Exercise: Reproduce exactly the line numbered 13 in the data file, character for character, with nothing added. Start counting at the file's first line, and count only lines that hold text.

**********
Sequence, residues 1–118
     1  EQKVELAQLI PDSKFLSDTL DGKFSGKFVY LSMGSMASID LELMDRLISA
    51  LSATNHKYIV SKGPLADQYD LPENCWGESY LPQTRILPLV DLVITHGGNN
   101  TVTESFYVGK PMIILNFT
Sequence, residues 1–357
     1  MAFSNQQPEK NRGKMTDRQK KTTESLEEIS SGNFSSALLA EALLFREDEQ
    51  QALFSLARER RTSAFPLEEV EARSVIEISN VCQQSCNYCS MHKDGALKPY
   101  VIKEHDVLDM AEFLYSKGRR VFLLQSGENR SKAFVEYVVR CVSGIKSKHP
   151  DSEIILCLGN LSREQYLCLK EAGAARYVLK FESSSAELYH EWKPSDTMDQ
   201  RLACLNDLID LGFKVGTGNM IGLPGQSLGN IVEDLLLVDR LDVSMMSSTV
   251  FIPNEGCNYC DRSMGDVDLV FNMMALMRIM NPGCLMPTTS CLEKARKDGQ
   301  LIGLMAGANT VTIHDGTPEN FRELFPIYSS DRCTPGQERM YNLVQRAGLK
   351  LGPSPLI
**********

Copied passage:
   351  LGPSPLI